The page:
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Sterling Police Department to bank money from evidence room

Lost and found cash as well as bills recovered in some criminal cases will be deposited in special account

March 11, 2021

The Sterling Police Department will have a little more space in its evidence room, thanks to a decision by the Sterling City Council Tuesday night.

During his report to the council, City Manager Don Saling said the SPD wanted to be able to put money that it recovers or receives by various means, including criminal investigations as well as money that has been found and turned in, into a special bank account, rather than keeping it in the evidence room as it is now. However, the Bank of Colorado required a signed copy of council minutes giving permission to do so before it would open an account for that purpose.

Saling noted that they estimated around $29,000 is being held in the evidence room. While that room is secure, he said they feel it would be safer if it was simply deposited in the bank.

The account would have safeguards such as requiring an authorized representative from the SPD to sign checks in order to release the funds. However, City Attorney Curt Penny had questions about chain of custody concerns for cash that might be evidence in a crime.

Sterling Police Chief Tyson Kerr explained that if they recover cash that might have physical evidence, such as fingerprints, on it, that money wouldn't be deposited, as once it goes in the bank, they would no longer be able to access those particular bills. However, he said a lot of the money they are holding now is involved in fraud cases, and therefore they do not need to hold it in evidence. He added that it is common and considered best practice to deposit such funds in an account rather than holding on to the cash.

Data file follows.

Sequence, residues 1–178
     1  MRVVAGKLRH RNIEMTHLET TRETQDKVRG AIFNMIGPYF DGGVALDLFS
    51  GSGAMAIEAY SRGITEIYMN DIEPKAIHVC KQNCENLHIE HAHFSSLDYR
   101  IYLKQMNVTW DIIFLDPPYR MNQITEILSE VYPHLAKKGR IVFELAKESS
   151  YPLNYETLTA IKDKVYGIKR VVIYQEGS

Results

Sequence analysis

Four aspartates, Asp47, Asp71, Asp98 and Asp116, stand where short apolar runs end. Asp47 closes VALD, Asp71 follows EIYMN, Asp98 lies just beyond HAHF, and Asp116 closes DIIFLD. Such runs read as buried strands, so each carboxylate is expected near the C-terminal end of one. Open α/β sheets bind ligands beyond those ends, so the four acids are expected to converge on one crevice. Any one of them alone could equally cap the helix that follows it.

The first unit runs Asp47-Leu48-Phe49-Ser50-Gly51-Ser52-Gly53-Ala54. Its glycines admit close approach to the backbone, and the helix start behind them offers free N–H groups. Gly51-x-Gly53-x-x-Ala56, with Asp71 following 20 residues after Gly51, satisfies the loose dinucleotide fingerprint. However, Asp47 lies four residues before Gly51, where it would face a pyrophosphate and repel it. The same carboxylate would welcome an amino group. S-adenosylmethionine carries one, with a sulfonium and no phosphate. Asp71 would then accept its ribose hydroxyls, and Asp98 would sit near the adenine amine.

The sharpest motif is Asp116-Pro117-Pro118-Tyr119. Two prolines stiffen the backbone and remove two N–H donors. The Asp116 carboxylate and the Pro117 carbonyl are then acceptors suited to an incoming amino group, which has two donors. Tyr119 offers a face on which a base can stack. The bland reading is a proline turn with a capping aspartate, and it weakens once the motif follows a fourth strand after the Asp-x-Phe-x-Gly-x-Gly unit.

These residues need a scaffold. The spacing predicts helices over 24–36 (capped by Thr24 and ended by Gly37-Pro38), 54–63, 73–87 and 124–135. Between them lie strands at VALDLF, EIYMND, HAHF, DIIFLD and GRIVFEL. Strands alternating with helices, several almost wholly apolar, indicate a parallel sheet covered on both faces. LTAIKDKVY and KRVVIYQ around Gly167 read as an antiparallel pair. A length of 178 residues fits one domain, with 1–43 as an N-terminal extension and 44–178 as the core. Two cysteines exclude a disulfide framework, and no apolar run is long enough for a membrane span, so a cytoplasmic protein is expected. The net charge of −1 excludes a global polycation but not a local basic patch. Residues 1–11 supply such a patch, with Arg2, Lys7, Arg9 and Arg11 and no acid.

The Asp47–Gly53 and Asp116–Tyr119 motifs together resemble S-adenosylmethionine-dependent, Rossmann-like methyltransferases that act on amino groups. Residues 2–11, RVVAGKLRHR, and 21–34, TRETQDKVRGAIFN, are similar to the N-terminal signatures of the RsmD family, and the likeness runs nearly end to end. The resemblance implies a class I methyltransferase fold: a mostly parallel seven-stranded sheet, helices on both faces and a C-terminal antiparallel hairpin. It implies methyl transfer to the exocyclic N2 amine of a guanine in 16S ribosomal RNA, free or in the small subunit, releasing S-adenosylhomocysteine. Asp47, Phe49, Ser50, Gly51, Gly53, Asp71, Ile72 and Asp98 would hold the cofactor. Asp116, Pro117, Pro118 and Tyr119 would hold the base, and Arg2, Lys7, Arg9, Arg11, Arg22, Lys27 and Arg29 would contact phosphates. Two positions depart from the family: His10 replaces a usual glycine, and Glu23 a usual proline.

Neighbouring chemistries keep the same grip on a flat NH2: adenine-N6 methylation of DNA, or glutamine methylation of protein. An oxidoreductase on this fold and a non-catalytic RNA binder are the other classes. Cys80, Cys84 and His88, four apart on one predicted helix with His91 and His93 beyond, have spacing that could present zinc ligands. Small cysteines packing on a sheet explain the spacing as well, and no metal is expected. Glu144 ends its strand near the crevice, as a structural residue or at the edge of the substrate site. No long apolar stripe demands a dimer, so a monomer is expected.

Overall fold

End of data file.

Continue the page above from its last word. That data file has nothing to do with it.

The council authorized the account on a 6-0 vote, with council member Brenda Desormeaux absent.

The council had just two action items for new business at the meeting, both of which passed unanimously. The first was to authorize spending $3,329 to replace dead trees, plants and shrubs in the landscaping around the sculptures located at Front and Main streets. The plan is to replace the dead plants with the same species; Saling said that there is a drip sprinkler system installed there, and they are not certain what caused the plants to die, but those species were specifically selected for this region. The funds will come from the city's hotel tax funds, which are earmarked for beautification.

The second resolution approved a new intergovernmental agreement between the city and the Sterling Rural Fire Protection District. The existing agreement was set to expire in April of this year. Saling noted that the new agreement will result in a slight increase in compensation from the SRFPD's mill levy for the services provided by the Sterling Fire Department. The district also provides equipment such as brush trucks to the SFD.

The new agreement is good for 10 years, unless terminated by either entity under terms outlined in the document.

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